An Open Letter to all Conservative Members of Parliament
Dear Members of Parliament,
I am responding in detail to a letter sent to me from my Member of Parliament (Hon. Lynne Yellich) pertaining to the Conservative asbestos policy and exporting of asbestos to developing Southeast Asian countries. The Conservative asbestos policy noted that chrysotile asbestos mined in Québec is a weak carcinogen subject to 'safe handling’ by ‘controlled use,’ and the technological capacity to reduce dust exposure to almost zero exists. Do adequate preventive measures exist to protect workers and the public from exposure and can Canada scientifically and morally defend its current asbestos policy?
The substance of your asbestos policy has been challenged by every major scientific and public health organization both in Canada and globally. For instance, all United Nations bodies responsible for occupational and public health have reviewed these assertions made by the Québec asbestos industry and its lobby organization—the Chrysotile Institute, formerly the Asbestos Institute. All these organizations have publicly stated that the concept of ‘controlled use’ is based on the erroneous belief that, in developing countries the legal framework exists to prevent asbestos-related diseases. We know that in these importing states the regulatory capacity, in fact, does not exist. After all, nor does it exist in Canada. The Executive Director of the Occupational Health & Safety Branch in Saskatchewan, 1973-1981, was responsible for introducing our first asbestos legislation in 1977. The director has publicly stated then and continues to do so now that it is not possible to prevent exposure to workers or the public in our province.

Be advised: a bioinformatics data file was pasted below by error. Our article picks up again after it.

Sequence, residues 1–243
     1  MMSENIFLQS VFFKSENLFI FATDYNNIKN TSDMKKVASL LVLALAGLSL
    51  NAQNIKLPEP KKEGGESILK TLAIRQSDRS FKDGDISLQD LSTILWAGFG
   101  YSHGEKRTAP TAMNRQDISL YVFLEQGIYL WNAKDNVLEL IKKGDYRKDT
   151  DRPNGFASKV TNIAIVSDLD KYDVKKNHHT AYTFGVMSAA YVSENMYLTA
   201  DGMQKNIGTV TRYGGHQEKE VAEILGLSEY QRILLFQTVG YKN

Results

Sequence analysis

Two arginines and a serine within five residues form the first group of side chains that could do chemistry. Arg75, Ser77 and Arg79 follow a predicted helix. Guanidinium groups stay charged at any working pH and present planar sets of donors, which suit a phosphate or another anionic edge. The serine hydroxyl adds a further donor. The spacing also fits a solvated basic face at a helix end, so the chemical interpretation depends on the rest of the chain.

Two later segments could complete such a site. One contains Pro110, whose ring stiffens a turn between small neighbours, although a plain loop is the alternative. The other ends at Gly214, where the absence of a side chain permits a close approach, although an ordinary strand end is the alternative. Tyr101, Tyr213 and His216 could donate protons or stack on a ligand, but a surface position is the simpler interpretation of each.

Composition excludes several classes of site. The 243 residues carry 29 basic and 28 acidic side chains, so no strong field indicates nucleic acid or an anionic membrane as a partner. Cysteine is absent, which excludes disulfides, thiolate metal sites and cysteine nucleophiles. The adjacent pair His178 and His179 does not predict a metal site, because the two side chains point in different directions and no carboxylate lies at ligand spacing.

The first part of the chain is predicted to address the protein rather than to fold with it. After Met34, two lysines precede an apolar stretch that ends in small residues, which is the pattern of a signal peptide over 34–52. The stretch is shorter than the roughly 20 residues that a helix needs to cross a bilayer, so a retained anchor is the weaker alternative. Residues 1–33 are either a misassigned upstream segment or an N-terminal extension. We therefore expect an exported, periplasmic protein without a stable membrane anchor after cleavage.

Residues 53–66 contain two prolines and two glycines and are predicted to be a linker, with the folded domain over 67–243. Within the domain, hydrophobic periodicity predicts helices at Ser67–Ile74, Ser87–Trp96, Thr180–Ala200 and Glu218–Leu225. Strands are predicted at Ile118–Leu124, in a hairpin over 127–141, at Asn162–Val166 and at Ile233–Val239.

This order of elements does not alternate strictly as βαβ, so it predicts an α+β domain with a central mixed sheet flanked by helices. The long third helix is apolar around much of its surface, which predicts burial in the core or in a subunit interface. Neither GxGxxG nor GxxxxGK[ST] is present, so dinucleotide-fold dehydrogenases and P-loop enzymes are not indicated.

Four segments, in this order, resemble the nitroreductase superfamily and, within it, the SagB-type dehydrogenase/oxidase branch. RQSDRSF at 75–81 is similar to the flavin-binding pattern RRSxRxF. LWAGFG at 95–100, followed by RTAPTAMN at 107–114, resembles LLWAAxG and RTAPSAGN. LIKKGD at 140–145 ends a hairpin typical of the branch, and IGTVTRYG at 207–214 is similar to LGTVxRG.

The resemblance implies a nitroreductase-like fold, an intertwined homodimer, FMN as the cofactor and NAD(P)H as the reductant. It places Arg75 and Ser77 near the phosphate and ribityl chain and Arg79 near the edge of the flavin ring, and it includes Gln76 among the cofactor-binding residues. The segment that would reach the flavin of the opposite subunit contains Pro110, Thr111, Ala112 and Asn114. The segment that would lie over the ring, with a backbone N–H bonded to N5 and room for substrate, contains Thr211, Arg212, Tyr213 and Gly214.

A recent two-year government study in Québec showed that there was a 100% failure rate to practice ‘safe use’ standards. It lacks credibility to claim that strict standards are being practiced in the developing world where we send our asbestos. A Globe & Mail report (October 27, 2007) documented workers handling Canadian asbestos in India, our largest importer, were without any protection whatsoever. There have been numerous reports supporting this assertion. A CBC documentary further presented evidence showing that this is not an isolated but general condition. And we must keep in mind there is no safe level for any carcinogen.
Do you and I not have a moral responsibility for the lower class Indians handling our asbestos? Leading public health physicians in India have pleaded for Canada to ban asbestos citing a public health crisis in their country.
This catastrophe, however, is also global. The International Labour Organization and the World Health Organization have calculated that over 107, 000 human beings suffer premature deaths from asbestos-related cancers and diseases annually. The World Health Organization further estimates between five and 10 million people will ultimately die from asbestos exposure. Asbestos-related cancers account for 54 per cent of all occupational cancers globally.
In Canada, asbestos-related disease is the most significant contributor to occupational mortality. A 2004 report found rates of mesothelioma in Québec, a cancer of the pleural lining, always caused by asbestos and nearly always fatal, to be 9.5 times greater in men than for the rest of Canada and the rate of women to be amongst the highest in the world. Keep in mind, asbestos is a community disease that affects women and children. In India, those handling asbestos are considerably more vulnerable to this lethal carcinogen because of childhood diseases and poor nutrition. Also, the latency period is thus much shorter than in developed countries and the victims are without worker’s compensation or health care.